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HBW Alive Newsletter
Nº24, June 2016

Incorporating recently described species and still undescribed new species

HBW Alive follows the taxonomy of the HBW and BirdLife International Illustrated Checklist of the Birds of the World, which currently covers non-passerine birds, but the completely updated coverage of passerine birds is advancing steadily and will be included in the forthcoming second volume. As soon as the volume is published, many changes will be applied to the passerines in HBW Alive, mostly produced by new taxonomic decisions. Also, a number of taxa that have been described very recently will be incorporated. For now, you can find them in the New species and subspecies section of HBW Alive, but they do not have species accounts. Our new initiative will change that.

Furthermore, it is inevitable that after the publication of the Checklist volumes, new species will be discovered and then described. All of these cases will first be evaluated by the HBW and BirdLife International taxonomic team and then applied to HBW Alive in periodic updates, which we will announce in due course. But our new initiative will also include these taxa so that our subscribers have access to as much information as possible.
Himalayan Forest Thrush (Zoothera salimali)
We know that these taxa, independently of the definitive treatment they will receive after being evaluated, are of interest to many HBW Alive users, particularly those who travel for birdwatching, and especially those using My Birding, the personal observation recording system of HBW Alive. For these people, including species that are not yet formally described, but have been well-known for many years—like San Isidro Owl (Strix sp. nova) and Millpo Tapaculo (Scytalopus sp. nova)—could be important, as they could be main targets in their Want Lists for trips to where the taxa are present. So, we want to make sure that nothing is missing and that all users have the information they need and can find these birds in their lists and records. Thus, we will create accounts for all of them. For undescribed species, we will start with all of those for which we have some sort of material on the Internet Bird Collection (IBC). We will also search the literature and forums to add others that may be in the same situation, and we will be eager to count on the participation of our HBW Alive subscribers.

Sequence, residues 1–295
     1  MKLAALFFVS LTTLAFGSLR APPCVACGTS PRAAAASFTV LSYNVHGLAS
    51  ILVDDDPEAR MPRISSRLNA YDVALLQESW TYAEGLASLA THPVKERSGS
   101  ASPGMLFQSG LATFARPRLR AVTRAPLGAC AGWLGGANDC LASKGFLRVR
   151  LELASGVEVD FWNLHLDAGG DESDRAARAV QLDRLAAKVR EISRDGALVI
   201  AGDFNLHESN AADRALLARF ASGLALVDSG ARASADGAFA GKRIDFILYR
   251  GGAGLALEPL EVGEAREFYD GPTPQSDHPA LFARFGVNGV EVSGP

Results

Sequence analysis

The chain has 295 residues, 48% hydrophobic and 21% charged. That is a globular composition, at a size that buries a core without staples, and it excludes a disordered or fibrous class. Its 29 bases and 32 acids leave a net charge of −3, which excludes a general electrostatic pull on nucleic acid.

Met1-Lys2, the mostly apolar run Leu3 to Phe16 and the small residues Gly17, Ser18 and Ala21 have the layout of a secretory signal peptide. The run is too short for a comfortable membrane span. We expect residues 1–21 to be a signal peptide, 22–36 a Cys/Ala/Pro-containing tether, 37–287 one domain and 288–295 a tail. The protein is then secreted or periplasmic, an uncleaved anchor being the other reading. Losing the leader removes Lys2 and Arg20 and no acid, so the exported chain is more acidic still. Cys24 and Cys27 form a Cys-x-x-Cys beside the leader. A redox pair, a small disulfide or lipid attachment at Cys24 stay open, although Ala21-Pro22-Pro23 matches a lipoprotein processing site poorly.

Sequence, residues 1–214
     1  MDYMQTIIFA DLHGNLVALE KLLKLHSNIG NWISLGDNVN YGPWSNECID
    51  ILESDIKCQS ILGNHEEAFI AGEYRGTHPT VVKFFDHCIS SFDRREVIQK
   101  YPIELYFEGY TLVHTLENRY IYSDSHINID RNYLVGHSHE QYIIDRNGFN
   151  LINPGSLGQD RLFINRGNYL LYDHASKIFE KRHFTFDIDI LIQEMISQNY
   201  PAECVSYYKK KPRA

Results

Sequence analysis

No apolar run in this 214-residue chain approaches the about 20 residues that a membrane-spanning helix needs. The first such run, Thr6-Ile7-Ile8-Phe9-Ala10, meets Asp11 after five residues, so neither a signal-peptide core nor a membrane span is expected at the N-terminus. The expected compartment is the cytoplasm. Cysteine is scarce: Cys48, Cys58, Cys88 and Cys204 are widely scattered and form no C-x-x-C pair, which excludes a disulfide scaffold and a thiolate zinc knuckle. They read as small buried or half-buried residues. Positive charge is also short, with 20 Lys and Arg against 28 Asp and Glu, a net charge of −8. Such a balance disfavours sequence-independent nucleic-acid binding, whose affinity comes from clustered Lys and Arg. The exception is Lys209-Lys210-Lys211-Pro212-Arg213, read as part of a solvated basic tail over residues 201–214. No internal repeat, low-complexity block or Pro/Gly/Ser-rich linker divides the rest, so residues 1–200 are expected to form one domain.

San Isidro Owl (Strix sp. nova)
The accounts for undescribed species and new descriptions not yet evaluated taxonomically by our team will be clearly marked to indicate their provisional treatment and that they are not yet formally included in the HBW and BirdLife International Checklist.
We will try to incorporate all of the information we can obtain on these taxa, as well as links to photos, videos and sound recordings, if they exist, and we will programme them so that they appear in the lists produced by My Birding. In this way, we can maintain our taxonomic rigor (to avoid adding new species directly and later having to remove them once they are studied), while still providing useful information on the birds in question in a fast and efficient way.